A number of members had been looking forward to this lecture; we hope to be able to reschedule it for a future date once Professor Kerry is back on his feet.
Annual Exhibition (2019) Themed Print and Themed PDI Section Themes
As already noted, the 2017–2018 season sees The Society move, away from themed sections in the Photographer of the Year heats, to entries of 6 images (1 representing each theme) in the Annual Exhibition. The same themes apply to both Themed Print and Themed PDI sections and each author may make up to 2 complete entries in each section.
Assuming the steps taken, at the 2017 AGM, to manage the volume of POY entries work and are proved necessary – and that the themed sets of 6 images sections in the 2018 Annual Exhibition are well supported and go to plan – the following themes will apply for these sets in the 2019 Annual Exhibition:
While authors are free to explore any ideas these themes invoke for them, it is worth noting that the Annual Exhibition judge will take into account how well they believe the author has interpreted the brief. As such, subtle and fringe interpretations may not fare as well in judging as obvious ones – even where the less obvious image would have won in an open section. Having said that, more obvious interpretations may suggest themselves to multiple authors, so, try to be creative.
For those struggling to interpret these catchy theme titles, the following non-prescriptive and non-exhaustive definitions may help.
We're not talking about snapping your restaurant meal to post on social media here and nor does this image need to be the sort of thing your see used in cook books, advertising for restaurants or supermarkets, or the final shot before the judges (of certain well known cooking programmes) tuck in. Images of food could just as easily encompass ingredients, preparation, and enjoyment of food, as well as the classic presentation short.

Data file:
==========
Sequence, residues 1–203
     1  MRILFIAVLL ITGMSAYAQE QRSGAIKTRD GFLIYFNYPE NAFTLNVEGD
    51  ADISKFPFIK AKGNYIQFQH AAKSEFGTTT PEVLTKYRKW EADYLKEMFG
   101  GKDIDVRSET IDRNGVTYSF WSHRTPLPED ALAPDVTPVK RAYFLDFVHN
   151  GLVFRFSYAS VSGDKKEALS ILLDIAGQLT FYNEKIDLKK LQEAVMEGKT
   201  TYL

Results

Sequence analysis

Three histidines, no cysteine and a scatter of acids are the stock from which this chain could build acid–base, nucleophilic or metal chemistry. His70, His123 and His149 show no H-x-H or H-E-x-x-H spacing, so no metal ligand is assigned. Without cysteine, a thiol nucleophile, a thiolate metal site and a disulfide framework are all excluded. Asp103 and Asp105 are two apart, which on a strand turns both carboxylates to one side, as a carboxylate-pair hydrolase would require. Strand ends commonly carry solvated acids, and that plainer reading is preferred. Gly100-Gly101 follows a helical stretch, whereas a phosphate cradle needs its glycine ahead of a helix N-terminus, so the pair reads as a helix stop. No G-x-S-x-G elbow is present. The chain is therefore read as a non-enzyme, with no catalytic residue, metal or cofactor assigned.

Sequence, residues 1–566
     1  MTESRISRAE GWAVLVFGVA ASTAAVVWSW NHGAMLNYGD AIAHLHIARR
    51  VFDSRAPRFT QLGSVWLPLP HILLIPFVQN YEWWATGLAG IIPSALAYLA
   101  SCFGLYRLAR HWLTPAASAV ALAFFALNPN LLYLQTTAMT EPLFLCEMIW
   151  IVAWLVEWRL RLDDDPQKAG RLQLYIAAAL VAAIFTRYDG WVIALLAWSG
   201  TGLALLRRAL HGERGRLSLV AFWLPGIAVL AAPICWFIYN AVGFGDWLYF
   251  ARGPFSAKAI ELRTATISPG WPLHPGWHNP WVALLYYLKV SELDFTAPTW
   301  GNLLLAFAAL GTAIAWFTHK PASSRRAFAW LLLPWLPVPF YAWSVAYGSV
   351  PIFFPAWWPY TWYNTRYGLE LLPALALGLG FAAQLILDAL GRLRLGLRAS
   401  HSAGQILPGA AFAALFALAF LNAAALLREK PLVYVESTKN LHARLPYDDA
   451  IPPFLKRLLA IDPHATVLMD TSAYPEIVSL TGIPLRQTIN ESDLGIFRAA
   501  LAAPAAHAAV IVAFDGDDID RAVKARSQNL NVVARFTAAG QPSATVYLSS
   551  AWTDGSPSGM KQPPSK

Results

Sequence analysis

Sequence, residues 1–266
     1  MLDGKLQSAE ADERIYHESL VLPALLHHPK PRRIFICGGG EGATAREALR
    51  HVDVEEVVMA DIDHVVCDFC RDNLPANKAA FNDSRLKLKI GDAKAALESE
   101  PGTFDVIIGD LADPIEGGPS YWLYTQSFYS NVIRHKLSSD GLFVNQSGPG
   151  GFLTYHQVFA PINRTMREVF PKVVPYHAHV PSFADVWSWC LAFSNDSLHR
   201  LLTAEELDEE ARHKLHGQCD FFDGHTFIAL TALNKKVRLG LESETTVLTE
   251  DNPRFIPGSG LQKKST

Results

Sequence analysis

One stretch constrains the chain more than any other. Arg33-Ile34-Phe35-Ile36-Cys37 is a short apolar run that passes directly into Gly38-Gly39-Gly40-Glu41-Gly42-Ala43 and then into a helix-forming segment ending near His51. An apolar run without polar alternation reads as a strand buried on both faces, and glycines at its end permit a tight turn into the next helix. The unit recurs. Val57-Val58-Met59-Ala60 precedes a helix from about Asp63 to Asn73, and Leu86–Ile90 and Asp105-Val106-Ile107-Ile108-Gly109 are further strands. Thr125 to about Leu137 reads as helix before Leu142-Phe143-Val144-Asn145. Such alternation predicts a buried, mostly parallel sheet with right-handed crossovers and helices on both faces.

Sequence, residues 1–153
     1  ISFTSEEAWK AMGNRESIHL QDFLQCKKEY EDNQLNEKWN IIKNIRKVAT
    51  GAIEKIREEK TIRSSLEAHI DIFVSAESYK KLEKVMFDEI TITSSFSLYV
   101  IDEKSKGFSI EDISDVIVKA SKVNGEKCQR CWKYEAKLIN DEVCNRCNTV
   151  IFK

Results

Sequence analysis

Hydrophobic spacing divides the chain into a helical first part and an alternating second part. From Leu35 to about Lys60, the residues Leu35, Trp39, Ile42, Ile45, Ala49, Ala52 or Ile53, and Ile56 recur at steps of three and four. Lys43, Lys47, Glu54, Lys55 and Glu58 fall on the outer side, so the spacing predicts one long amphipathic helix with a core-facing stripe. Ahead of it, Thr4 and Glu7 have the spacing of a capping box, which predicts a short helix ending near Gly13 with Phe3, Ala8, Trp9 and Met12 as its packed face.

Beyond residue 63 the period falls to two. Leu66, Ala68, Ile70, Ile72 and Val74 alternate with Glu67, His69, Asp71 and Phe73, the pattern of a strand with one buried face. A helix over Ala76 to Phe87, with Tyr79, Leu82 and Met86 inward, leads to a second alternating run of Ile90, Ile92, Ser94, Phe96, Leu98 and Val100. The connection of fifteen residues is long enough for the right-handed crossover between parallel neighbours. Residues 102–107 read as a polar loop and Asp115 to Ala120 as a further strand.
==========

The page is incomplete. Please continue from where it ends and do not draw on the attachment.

You don't necessarily need a hand model and fine jewellery for this image, nor do you need to worry about the rest of the model: hands with character and hands doing things are both fair game for this theme.
The word horticulture is a combination of two Latin words 'hortus' (garden) and 'cultura' (cultivation); while agriculture replaces 'hortus' with 'ager' (field). Horticulture is therefore practiced on a smaller scale, in more enclosed plots, than agriculture – and is more likely to promote biodiversity and ecological succession. Horticulture deals with the art, science, technology, and business of growing plants, as well as the study of plants, plant conservation, landscape restoration, landscape and garden design, construction, and maintenance, and includes multiple sub-groups – which cover the cultivation of fruits, herbs, nuts, mushrooms, seeds, sprouts, vegetables, and even seaweeds, along with non-food crops such as algae, flowers, grass, ornamental plants and trees, and medicinal plants. So, 'the world's your oyster', oh wait, that would count as animal husbandry wouldn't it?
In visual arts, and other mediums, minimalism is a style that uses pared-down design elements – basically, like this definition, less is more.
Whether capturing the subject's mood or attempting to evoke a mood in the viewer, we're not just talking about capturing a pretty (or technically challenging) picture here – it's time to dig deep and find your emotional side, or even to get poetic.
Landscapes are predominantly natural or rural and cityscapes tend to be grand vistas of urban sprawl and epic architecture. So what exactly are roadscapes then? For this theme you should be thinking of cityscapes on a local and more personal or intimate scale; not so much a scene within which you might find the haunts (including homes and workplaces) of hundreds of thousands of strangers, as one that could hide one's local haunts or those of friends and neighbours.